I don't have experience in the field with the net flooring, but some have noted that it can pick up snow, mud, water, etc. I think it might be good to get the cuben ground sheet sewn in. I may have that done with mine if I find the net floor to be a problem in the field. Not a problem on my grass yard.

I did have a problem with the pole that I ordered with my Hexamid. It broke when I left my shelter up in a heavy snow. Joe gave me a refund and I replaced the broken pole with a hefty Ruta Locura carbon fiber tarp pole.

Packman Pete
(packmanpete) - MLife

Locale: Rainy Portland
Skyscape on 04/24/2013 16:08:32 MDT Print View

There's a store in Portland that sells them. Once I got a hands-on with the SMD, I knew it was the one for me. It's much roomier than I expected, so I can squeeze a guest inside if need be. Also, the full bug screen with the fly rolled up and away is magnificent. Plus, you can set it up in about 45 seconds. Seriously.

Christopher Gilmore
(chrisjgilmore) - F - MLife

Locale: New Almaden
"Hexamid Solo, Hexamid Solo Plus or SMD Skyscape-X" on 04/24/2013 22:51:51 MDT Print View

John,
Are you saying they sell a separate net insert that isn't part of the tent so it can be used as a tarp and net tent separately when desired and together when the weather calls for it?

Thank you all for the feedback. I think I'm leaning to ward the Hexamid solo. I don't see a really compelling reason to spend the extra $ given that i don't use trekking poles the single pole design is also a plus for me. Any other compelling points?

Thanks
CG

Edited by chrisjgilmore on 04/24/2013 22:55:00 MDT.

Jason Elsworth
(jephoto) - M

Locale: New Zealand
Hexamid Solo, Hexamid Solo Plus or SMD Skyscape-X on 04/24/2013 23:28:02 MDT Print View

Are you saying they sell a separate net insert that isn't part of the tent.

They don't list them on their site, but Joe will make you one.

Personally if I was going this route I would go for a Solo Plus, as your interior space is going to be pretty tight in a Solo with inner net.

I have a Hexamid Solo with netting, but only have one night on it. (should have been two, but I couldn't make it back to my tent one night and had to sleep under a rock :)).

It's a nice shelter, but not without it's compromises.

john hansford
(jhansford) - MLife
Re :Hexamid Solo, Hexamid Solo Plus or SMD Skyscape-X on 04/25/2013 03:04:17 MDT Print View

"Are you saying they sell a separate net insert that isn't part of the tent..."

There is no netting sewn on to my Hexamid, hence the 6oz weight, and instead the seperate Hexnet has a cuben floor with netting sewn to that, and can be pitched on its own. When pitched together there is a little storage space outside the net but still under the beak.

However, I cant find the Hexnet on the site now, can't think why - it's a great piece of kit. It would fit inside other shelters too, and I'm going to try it in a Trailstar soon.

I would recommend getting the Hex with the beak sewn on. I think they all come with factory taped seams now too.

I too have suffered a broken pole on a trip, and would be wary of having a shelter needing two of them. Should be ok if you have tough poles or are more lucky with yours.

Edited by jhansford on 04/25/2013 03:12:35 MDT.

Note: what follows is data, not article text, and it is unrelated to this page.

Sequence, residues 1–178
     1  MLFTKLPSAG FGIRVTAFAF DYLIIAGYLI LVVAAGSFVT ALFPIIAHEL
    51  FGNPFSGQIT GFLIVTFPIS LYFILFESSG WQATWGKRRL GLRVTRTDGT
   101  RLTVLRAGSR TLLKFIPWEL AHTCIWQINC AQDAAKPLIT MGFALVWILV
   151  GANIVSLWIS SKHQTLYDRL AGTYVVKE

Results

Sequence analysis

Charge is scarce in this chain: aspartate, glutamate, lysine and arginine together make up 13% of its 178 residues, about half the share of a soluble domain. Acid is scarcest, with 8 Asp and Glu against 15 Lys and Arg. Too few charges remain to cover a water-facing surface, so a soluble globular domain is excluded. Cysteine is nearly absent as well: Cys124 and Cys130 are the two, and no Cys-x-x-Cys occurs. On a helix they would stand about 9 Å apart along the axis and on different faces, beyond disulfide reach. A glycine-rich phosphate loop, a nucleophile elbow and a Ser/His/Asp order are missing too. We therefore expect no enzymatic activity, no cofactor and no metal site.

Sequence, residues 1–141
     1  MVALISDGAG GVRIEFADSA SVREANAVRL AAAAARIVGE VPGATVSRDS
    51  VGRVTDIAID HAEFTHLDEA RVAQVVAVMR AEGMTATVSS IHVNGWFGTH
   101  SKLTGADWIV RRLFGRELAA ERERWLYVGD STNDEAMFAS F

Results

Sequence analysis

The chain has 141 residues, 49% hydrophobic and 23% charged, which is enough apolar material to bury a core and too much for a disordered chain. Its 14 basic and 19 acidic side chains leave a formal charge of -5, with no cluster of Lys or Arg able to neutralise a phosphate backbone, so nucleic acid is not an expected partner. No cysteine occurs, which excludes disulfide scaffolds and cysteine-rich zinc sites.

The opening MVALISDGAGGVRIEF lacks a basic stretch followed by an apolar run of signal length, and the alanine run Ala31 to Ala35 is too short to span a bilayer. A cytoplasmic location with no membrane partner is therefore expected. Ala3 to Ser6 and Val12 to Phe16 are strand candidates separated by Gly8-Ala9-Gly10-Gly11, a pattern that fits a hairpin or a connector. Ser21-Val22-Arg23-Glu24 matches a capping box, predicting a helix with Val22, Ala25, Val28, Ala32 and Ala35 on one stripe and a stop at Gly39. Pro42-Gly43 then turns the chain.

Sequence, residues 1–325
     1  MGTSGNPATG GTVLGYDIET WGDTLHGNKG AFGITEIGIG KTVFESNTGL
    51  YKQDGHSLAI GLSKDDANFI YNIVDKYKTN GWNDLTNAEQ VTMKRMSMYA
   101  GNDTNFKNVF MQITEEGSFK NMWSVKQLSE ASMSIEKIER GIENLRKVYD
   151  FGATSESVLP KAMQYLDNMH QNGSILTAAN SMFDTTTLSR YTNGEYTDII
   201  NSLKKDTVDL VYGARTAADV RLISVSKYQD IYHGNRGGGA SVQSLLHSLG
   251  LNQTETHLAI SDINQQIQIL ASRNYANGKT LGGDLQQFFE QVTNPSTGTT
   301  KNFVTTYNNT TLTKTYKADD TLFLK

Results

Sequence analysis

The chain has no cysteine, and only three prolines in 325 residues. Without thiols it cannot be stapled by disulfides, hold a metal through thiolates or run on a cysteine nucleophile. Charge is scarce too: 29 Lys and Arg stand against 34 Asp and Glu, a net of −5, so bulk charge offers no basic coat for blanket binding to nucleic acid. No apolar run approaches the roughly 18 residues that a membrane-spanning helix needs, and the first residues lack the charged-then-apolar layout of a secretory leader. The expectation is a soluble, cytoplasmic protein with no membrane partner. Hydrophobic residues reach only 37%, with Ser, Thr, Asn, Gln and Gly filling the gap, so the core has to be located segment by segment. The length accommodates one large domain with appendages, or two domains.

William Chilton
(WilliamC3) - MLife

Locale: Antakya
Hexanet on 04/25/2013 04:40:08 MDT Print View

From Zpack's FAQ:
"Can you make a separate bug shelter for the Hexamid tarps?
We used to make a separate bug shelter called the HexaNet. It required more stakes and did not pitch as well as the Hexamid tents. It also had less space. Most customers seemed to agree that the tent version was better, so we are now focusing on the tents."
It doesn't necessarily mean they won't do them as custom orders.

USA Duane Hall
(hikerduane) - F

Locale: Extreme northern Sierra Nevada
Hexanet on 04/25/2013 06:47:42 MDT Print View

William, that was my response also before I went with the sewn in netting as they recommended when I sent my Hex solo tarp in to get netting added, turning it into a tent. Adding the netting made my updated tent only an oz. more than the cuben bivy+tarp I sold a week back or so, giving me more tent time room from bugs.
Duane

Mark Fowler
(KramRelwof) - MLife

Locale: Namadgi
SMD Serenity inner fits on 04/25/2013 19:50:09 MDT Print View

I have a Hexamid Solo Plus fly (no floor) and use a SMD Serenity Net inner with it. I just put glove hooks on the elastic corner pullouts of the inner and clip them to the Hexamid guys. I also added a loop of shock cord with a cord lock to the apex of the Hexamid so I can adjust the height of the top attachment point of the inner depending on how high I pitch the Hexamid.

Michael Gillenwater
(mwgillenwater) - M

Locale: Seattle area
Skyscape X, Lightheart Solo, and GG "The One" on 04/25/2013 23:49:52 MDT Print View

Does anyone have an opinion or experience with one issue I have with the design of the Skyscape as well as the Lightheart Solo. When you open the fabric door, you are exposing the living area of the tent (not just the vestibule) to precipitation because the netting sides of the tent slope inward. The old Gossamer Gear "The One" did not have this issue because the netting sides (and treking poles) were vertical rather than inward sloping.

I actually prefer having a dual treking pole design for greater rigidity, as I have two poles with me anyway. So I like the direction this family of designs is going. Too bad no one is making a Cuben tent similar to the the GG "One."

I like the Hexamid design, but not a big fan of the netting floor idea and having to put a ground cloth on top of the netting.

The sad truth is, though, you can't actually buy any of these tents right now, at least not in Cuben.